Video: Faith No More Performs In Studio For BBC Radio 1

Video Still from Faith No Move on BBC Radio 1

Video Still from Faith No Move on BBC Rock Show on Radio 1

Faith No More has released a video of the band performing a studio session for the BBC Radio 1 Rock Show at the famed Maida Vale Studios. The recording took place on June 16th. Video footage of the band performing ‘Superhero’ from Sol Invictus (Reclamation Records, Ipecac) can be seen at this link or below:


Songs performed on the show include:


‘Separation Anxiety’

‘Sunny Side Up’

‘This Guy’s In Love With You’ (Burt Bacharach cover)


faith no more sol invictus album cover low res

Faith No More – Le Butcherettes: Live at The Orpheum, Boston MA

Faith No More, by Hillarie Jason Photography

It isn’t every day that Faith No More comes to play a show in New England or anywhere else. Nor is it every week, month or year. In fact it’s more like every couple of decades, so when they scheduled a date on their tour in support of the new album, Sol Invictus, on Monday, May 11, at The Orpheum in Boston, I knew it would be one of the most anticipated shows of the year and would sell out in a matter of hours, which of course it did.

Many of us traveling from the western part of the state to get to this show were treated to some stupendous traffic on the Mass Pike because one of those Bolt buses literally exploded on the highway. Even still you probably didn’t miss the opening act, Le Butcherettes, who played an extremely long set of something like an hour and fifteen minutes. Honestly, they were pretty good, but I couldn’t help but feel sorry for any band opening up this show. Most people were crammed into the lobby area like fish in a can, downing some sort of alcoholic swill instead of watching them. All they wanted to see was the band that has been absent for a generation. I’m not sure if the singer was acting out as part of her stage act or if it was along the lines of “hey pay attention,” but about 5 songs in she ferociously ripped off her candy apple red high heels and chucked them up into the balcony.

Faith No More, by Hillarie Jason Photography

Faith No More started the set as they have for each show on this tour. With the stage and band members resembling something like a Buddhist slumber party version of A Clockwork Orange or maybe your Aunt Dotties funeral; everything wrapped in white socks or painted white and cheerful sprays of flowers lining the front and back of the stage; the band said hello with the song ‘Motherfucker’.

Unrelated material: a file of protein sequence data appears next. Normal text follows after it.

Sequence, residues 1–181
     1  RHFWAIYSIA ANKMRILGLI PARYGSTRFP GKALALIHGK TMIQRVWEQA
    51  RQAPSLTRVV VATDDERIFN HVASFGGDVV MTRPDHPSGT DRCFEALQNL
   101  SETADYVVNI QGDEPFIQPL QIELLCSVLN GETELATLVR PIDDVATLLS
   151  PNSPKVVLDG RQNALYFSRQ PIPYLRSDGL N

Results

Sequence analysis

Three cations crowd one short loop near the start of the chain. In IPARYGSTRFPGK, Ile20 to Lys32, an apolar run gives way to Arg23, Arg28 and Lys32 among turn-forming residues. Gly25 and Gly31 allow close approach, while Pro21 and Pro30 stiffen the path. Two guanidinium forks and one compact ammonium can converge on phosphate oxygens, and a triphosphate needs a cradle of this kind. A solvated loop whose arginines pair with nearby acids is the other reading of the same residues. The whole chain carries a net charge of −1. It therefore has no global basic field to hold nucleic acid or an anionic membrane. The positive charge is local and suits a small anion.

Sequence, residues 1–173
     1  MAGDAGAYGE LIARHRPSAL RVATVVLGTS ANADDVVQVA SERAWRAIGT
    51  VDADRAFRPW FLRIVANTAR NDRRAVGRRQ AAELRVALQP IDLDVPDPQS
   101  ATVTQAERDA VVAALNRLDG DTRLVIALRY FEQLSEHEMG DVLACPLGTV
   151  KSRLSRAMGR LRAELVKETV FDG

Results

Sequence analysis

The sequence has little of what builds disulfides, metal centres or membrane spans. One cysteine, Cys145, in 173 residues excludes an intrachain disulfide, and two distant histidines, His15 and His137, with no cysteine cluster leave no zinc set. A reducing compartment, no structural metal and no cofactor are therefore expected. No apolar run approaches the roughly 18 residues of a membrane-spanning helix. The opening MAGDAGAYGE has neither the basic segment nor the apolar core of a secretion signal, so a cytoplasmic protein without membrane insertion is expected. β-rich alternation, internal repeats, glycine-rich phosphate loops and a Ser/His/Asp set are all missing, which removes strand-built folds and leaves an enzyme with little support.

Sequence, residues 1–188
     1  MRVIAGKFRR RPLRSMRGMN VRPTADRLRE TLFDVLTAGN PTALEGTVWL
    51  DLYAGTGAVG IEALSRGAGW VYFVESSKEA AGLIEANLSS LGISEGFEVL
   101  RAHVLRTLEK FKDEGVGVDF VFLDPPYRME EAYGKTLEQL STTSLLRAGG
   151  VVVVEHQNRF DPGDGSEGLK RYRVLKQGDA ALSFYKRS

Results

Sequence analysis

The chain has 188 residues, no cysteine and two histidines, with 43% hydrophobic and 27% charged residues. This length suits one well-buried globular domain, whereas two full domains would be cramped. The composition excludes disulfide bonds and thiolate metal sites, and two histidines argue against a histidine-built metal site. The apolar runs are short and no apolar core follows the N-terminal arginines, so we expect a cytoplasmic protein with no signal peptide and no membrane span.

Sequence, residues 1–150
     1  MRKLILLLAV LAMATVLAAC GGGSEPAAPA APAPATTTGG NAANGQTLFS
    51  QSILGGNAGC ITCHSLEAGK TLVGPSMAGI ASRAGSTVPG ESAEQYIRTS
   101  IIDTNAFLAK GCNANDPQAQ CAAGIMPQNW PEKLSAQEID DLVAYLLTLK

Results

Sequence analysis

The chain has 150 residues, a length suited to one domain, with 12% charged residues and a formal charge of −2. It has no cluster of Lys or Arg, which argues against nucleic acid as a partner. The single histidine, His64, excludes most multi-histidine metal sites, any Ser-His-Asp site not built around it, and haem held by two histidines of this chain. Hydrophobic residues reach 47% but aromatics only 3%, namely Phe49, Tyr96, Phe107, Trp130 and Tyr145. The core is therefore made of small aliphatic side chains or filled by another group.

The set, which included at least one track from every studio album, was top to bottom flawless. Both the old and new songs were fresh and vibrant. They played like a band that had never stopped touring together and seemed even more cohesive than when I saw them in ‘97. The energy was palpable and the crowd responded in turn, but since The Orpheum is a very old seated theater without the standard “pit” it was more of a stand in your seat and scream your head off kind of show. Although, when I went up into the balcony, I could literally feel it bouncing up and down quite dramatically. It was pretty terrifying and I found myself checking to make sure I knew the location of the closest exit to run to in the event of it collapsing.

Faith No More, by Hillarie Jason Photography

They had some fun with the crowd during the song ‘Midlife Crisis.’ Stopping mid-song just before the third chorus and letting the crowd fill in the words, Mike Patton then asked, “You proud of yourselves now?” Much to my amusement and the bewilderment of everyone in the theater, they continued the song after a brief pause to the tune of the Boz Scaggs’ song ‘Lowdown.’ And yes, I have had ‘Lowdown’ in my head since the show. Thanks for that.

Faith No More, by Hillarie Jason Photography

Banter between songs was kept at a minimum other than a quick joke from Roddy Bottum regarding the age of The Orpheum as well as Mike Patton singling out one “hippy dude” about what he thought of Le Butcherettes. Though I had to laugh when Patton announced it was their last song (which it wasn’t) and the crowd erupted into a sea of boos to which he responded, “Boo my ass mother fuckers. Enjoy it. Shut the fuck up!” Enjoy it, we did.